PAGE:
Other options: Coco Beach Hostel (no pool, but free breakfast and nicer rooms than Captain Goose, good to just chill out, not as social), Ayu Lili Garden Hotel (very cheap for a hotel, good location, great pool, not as social but good for a splurge night if you’re on a budget), or any of the other nice resorts/villas in the area



Ubud is becoming more and more well-known and is definitely not one to be missed. This is where you can experience more authentic Balinese culture, relax, get a massage, see the rice terraces and monkey forest, and do plenty of shopping. I will say that a lot of people come to Ubud expecting it to be more of a “village” experience than it actually is, so be warned that the main part of town is crowded and touristy, but it has a totally different vibe than everywhere else in Bali.

Where to stay: Puji Hostel or In Da Lodge Hostel. I stayed at Wanderlust (owned by same people as Puji and just down the road) for a night, and it wasn’t bad, but Puji is definitely more social and also has on-site laundry!

Don’t miss: hike up Mount Batur volcano for sunrise (though you can book this from other parts of Bali, it is closest to get to from Ubud), white water rafting, monkey forest, Umah Ubud (amazing food, best pizza for cheap)



Spas: Sedona Spa was unreal and I highly recommend it. For $16 US, I got a 90 minute spa package, which included a private room overlooking rice terraces with a full body massage, green tea scrub, soak, and flower bath with tea and watermelon afterwards. It is DEFINITELY worth going to a nicer spa in Ubud rather than a cheap massage parlor off the side of the road.

Splurge meal: Chill Out Restaurant has an amazing filet mignon steak for only $7 US- highly recommend :).



This chill surfer town is such a unique place with AMAZING food. When I think of Bali, I think of hippie/vegan/healthy food, and this is definitely where you can get it. So much good food here and fun places to explore on a scooter. DISCLAIMER: You must be able to ride a scooter/motorbike to get around Uluwatu. Public transport is non-existant, Uber/GrabCar/Blue Bird Taxi are not allowed, and everything is too spread out to walk. It’s an amazing place to visit, but not worth it if you can’t get around on a scooter in my opinion. However, it is a very easy place to learn if you aren’t experienced! There is little to no traffic and most of the roads are easy to navigate. As always, be careful and don’t do anything you’re not comfortable with. Another note: have a plan for getting out of Ulutwatu so you don’t end up taking an expensive private driver out like I did. I even tried getting an Uber/GrabCar but there were no drivers in the area or they wouldn’t come because they are banned there. We had no other choice but to get a private driver to get us to Jimbaran, the nearest big town, then get an Uber from there. This definitely shouldn’t deter you from visiting; it’s just one thing I wish I knew beforehand :).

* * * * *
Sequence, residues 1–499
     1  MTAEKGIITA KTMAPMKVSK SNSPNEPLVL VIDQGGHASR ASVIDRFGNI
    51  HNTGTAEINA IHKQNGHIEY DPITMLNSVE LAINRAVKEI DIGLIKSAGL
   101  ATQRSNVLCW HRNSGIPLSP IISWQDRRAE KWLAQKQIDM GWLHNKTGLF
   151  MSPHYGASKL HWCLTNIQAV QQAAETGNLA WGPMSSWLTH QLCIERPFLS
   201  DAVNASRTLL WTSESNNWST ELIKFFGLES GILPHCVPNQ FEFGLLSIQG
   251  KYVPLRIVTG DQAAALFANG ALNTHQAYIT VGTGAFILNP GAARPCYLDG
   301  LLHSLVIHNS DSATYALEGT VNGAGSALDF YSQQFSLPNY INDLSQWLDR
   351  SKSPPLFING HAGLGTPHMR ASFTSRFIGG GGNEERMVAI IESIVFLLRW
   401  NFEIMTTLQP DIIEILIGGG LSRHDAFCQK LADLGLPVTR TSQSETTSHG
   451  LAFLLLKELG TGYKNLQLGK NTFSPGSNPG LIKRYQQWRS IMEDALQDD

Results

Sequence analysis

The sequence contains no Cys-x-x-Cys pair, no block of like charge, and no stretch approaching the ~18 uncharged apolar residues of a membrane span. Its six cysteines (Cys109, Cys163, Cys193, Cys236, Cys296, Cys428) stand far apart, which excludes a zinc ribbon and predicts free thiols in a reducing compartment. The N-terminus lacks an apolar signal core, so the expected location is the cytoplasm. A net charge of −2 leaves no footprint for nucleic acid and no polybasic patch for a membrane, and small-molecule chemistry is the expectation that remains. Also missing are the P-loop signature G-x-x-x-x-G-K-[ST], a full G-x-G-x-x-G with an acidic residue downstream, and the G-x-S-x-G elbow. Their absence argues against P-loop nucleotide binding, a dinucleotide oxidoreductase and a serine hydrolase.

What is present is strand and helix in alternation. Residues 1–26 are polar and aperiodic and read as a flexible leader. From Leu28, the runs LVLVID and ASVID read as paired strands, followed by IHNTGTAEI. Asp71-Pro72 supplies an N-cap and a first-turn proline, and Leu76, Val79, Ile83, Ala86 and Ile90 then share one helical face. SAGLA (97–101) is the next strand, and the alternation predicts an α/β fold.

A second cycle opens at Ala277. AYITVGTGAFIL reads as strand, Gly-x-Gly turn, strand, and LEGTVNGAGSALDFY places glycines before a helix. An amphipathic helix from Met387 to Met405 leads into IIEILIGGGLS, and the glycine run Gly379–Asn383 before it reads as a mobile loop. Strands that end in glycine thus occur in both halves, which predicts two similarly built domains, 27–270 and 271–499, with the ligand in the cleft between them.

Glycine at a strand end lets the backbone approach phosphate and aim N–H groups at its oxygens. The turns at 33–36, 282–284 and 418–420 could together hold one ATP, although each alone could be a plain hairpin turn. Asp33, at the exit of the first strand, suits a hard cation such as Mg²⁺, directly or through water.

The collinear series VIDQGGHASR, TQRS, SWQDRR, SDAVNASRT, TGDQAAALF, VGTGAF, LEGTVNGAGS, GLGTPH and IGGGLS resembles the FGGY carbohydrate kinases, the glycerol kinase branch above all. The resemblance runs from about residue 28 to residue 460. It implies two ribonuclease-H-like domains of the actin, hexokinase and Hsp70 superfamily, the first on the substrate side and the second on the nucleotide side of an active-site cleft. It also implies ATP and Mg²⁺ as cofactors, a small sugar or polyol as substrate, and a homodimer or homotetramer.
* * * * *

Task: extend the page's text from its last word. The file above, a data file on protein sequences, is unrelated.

Where to stay: I stayed at Bingin Inn, which was super nice with a pool and reasonably priced. I hear Karma Backpackers is great as well but it was a bit out of the way so we decided not to stay there.

Don’t miss: Bukit Café is an absolute MUST, so is Cashew Tree..such amazing food here!